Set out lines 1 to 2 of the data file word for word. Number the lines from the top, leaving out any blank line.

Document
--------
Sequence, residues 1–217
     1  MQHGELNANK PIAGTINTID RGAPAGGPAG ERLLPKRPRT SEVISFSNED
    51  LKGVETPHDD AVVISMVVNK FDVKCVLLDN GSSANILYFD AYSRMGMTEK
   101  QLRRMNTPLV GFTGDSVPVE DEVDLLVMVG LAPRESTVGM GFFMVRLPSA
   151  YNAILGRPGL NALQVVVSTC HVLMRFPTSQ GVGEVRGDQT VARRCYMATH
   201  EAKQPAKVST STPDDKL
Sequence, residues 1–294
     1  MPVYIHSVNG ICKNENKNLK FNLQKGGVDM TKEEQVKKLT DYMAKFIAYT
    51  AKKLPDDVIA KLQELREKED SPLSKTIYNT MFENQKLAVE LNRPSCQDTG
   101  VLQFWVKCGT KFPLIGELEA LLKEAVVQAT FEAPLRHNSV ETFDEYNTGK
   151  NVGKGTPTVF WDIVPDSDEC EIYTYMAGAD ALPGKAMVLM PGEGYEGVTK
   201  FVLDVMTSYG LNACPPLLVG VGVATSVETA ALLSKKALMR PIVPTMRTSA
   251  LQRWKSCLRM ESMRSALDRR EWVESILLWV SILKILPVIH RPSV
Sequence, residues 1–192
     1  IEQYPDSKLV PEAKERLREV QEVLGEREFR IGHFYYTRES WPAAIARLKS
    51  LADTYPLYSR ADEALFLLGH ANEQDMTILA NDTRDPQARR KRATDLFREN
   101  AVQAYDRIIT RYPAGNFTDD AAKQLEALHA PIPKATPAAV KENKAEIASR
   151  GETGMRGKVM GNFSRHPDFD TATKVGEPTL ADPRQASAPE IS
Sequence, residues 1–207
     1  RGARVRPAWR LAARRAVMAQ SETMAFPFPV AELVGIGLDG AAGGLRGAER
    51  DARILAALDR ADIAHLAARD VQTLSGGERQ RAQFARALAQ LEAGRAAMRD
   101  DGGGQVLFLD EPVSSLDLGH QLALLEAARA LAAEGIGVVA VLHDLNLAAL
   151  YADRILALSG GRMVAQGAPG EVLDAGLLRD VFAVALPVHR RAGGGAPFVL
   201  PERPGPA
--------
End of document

Sequence, residues 1–217
     1  MQHGELNANK PIAGTINTID RGAPAGGPAG ERLLPKRPRT SEVISFSNED